Mark Goines, partner at Morgenthaler Ventures and angel investor

Not everybody can get in touch with Bill Campbell for an introduction, but Mark Goines -- another former Intuit exec -- is similarly well connected.

A longtime angel investor who oversaw the sale of his investment Mint to Intuit, Goines has been an investor and director at a bunch of startups in diverse areas, from electronic medical records (Practice Fusion) to financial services (Tempo, Credit Interlink) to self-help legal books (Nolo).

Naval Ravikant, angel investor and founder of AngelList

Naval Ravikant is a serial investor and entrepreneur who gained notoriety with VentureHacks, a site that told founders how to 'hack' the VC process.

Now he's founded AngelList, which is basically like Match.com for entrepreneurs and angel investors. It's shaking up the Silicon Valley startup scene in a major way -- angel Dave McClure called it the most innovative thing to happen to the investment community since Y Combinator.

Don't miss our exclusive interview with Ravikant from March 2011.

Jim Gaither, partner at Sutter Hill Ventures

Jim Gaither is a longtime lawyer turned VC in 2000, and also sits on the board of trustees at Stanford and has served on the board of the RAND Corporation, one of the original West Coast think tanks.

He's another of the old Silicon Valley guard who knows everybody.

Larry Sonsini, one of the big lawyers.

The former head of Wilson Sonsini Goodrich Rosati is one of the most famous lawyers in the Valley, but outside of law and tech circles he keeps a low profile.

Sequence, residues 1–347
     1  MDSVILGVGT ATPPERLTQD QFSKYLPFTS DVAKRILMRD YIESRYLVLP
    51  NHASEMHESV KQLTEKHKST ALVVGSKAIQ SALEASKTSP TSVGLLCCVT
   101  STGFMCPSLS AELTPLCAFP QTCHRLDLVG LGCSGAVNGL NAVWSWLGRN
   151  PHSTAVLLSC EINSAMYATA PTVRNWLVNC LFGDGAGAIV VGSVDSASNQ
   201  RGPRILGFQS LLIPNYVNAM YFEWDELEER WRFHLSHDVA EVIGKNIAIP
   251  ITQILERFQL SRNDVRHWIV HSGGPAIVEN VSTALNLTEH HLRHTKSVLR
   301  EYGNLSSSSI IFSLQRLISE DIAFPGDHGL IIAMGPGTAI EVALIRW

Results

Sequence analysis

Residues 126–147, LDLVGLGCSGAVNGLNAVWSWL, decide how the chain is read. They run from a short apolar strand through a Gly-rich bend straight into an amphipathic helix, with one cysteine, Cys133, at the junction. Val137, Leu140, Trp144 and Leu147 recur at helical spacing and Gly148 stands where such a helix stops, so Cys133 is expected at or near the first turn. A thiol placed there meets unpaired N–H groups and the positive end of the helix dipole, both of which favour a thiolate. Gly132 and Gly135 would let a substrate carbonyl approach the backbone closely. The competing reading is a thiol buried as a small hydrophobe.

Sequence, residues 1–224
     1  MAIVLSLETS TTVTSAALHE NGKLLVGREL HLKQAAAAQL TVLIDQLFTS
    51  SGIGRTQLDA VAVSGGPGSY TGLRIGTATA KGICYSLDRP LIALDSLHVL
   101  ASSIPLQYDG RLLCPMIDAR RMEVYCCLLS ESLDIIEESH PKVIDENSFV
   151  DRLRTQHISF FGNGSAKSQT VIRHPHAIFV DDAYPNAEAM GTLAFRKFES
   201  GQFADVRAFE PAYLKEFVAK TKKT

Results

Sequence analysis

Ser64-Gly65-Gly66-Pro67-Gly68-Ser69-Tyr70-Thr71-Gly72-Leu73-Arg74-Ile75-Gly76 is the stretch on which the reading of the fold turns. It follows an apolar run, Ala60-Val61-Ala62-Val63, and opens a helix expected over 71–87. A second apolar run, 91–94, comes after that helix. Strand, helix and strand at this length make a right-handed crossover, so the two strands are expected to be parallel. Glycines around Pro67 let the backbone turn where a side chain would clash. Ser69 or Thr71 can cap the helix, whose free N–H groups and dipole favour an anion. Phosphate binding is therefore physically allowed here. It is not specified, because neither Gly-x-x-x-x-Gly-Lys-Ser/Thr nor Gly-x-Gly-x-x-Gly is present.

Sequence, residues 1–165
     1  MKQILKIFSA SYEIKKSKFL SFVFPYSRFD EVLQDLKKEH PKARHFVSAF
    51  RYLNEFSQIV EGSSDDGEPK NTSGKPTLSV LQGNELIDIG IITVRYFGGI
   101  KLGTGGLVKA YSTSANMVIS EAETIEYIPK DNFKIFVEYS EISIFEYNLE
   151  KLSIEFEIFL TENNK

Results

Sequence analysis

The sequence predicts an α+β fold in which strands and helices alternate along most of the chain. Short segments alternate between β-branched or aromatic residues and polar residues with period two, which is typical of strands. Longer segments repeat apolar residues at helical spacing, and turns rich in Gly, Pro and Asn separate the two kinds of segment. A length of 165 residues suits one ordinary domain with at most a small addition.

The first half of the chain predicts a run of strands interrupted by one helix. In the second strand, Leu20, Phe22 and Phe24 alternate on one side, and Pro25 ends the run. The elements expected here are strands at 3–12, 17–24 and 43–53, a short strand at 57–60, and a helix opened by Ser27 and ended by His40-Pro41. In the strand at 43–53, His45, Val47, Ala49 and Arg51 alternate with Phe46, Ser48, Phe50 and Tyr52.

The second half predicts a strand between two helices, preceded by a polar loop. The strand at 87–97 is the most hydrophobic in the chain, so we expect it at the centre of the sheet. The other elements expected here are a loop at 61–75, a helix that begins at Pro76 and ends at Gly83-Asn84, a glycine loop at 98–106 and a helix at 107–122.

He's a kingmaker from way back, and has sat on boards of cutting-edge companies like Pixar and Tesla.

One respondent called Gunderson the most famous lawyer that nobody has ever heard of.

He cut his teeth at several influential Silicon Valley law firms before founding his own firm, Gunderson Dettmer, in 1995. Last year, the firm handled more VC deals -- 815 -- than anybody else in the valley, and also oversaw some big acquisitions like Google's $700 million purchase of online travel company ITA.

He keeps such a low profile that this old picture is literally the only one that shows up on a Google Image search.

John Hennessy, Stanford University president.

Stanford is the intellectual centre of Silicon Valley, and the progenitor of companies like Google and Yahoo, so it's no surprise that its leader was named by several respondents as being influential.

Hennessy has old tech chops -- he helped invent the RISC computer chip architecture in the 1980s and sits on the board of both Google and Cisco. He's been the president of Stanford since 2000.

Amy Banse, leader of Comcast's new $750 million fund.

Another up and comer, Banse was the head of Comcast's interactive media group, where she saw the cable giant's acquisitions of companies like Plaxo and Fandango.

In November she was appointed to lead a new equity fund called Comcast Ventures, which combined NBC Universal's Peacock Equity with Comcast Interactive Capital. With $750 million to manage, a new office in Mountain View, and a portfolio including up-and-coming companies like Flipboard and SBNation, Banse is suddenly a power to reckon with.

David Lee, Ron Conway's right-hand man.

Everybody knows Ron Conway can make or break a company in Silicon Valley, but David Lee (right) is the managing partner of Conway's SV Angel fund and just as important and influential.

Earlier this year, SV Angel changed the game by teaming up with Yuri Milner to give every company in Paul Graham's Y Combinator accelerator $150,000. Lee is managing that fund.

Now, check out some of the hottest entrepreneurs in the Valley.